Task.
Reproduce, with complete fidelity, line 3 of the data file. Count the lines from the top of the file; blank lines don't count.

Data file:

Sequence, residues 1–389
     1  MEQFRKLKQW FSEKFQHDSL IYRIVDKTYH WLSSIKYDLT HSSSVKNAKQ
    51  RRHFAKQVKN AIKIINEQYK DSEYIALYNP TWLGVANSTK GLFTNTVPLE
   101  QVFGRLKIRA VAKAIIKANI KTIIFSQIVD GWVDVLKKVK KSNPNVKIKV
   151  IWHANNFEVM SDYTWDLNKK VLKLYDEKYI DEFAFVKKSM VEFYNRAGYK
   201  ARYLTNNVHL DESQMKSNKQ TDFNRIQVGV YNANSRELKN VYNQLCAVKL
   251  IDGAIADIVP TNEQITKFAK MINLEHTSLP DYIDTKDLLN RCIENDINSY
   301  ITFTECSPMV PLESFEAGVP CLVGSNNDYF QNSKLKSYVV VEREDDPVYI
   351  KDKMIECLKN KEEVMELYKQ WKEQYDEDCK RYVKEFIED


    51  RRHFAKQVKN AIKIINEQYK DSEYIALYNP TWLGVANSTK GLFTNTVPLE